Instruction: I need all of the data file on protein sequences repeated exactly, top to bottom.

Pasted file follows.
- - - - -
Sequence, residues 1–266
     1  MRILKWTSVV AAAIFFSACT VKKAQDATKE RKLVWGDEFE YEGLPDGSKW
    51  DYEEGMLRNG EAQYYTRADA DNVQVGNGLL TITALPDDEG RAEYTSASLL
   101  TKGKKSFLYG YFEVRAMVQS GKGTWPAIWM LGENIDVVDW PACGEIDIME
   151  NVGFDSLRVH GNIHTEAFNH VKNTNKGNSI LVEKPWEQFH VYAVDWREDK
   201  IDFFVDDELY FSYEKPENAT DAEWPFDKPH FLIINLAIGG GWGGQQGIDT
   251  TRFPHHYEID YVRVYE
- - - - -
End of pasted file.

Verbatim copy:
Sequence, residues 1–266
     1  MRILKWTSVV AAAIFFSACT VKKAQDATKE RKLVWGDEFE YEGLPDGSKW
    51  DYEEGMLRNG EAQYYTRADA DNVQVGNGLL TITALPDDEG RAEYTSASLL
   101  TKGKKSFLYG YFEVRAMVQS GKGTWPAIWM LGENIDVVDW PACGEIDIME
   151  NVGFDSLRVH GNIHTEAFNH VKNTNKGNSI LVEKPWEQFH VYAVDWREDK
   201  IDFFVDDELY FSYEKPENAT DAEWPFDKPH FLIINLAIGG GWGGQQGIDT
   251  TRFPHHYEID YVRVYE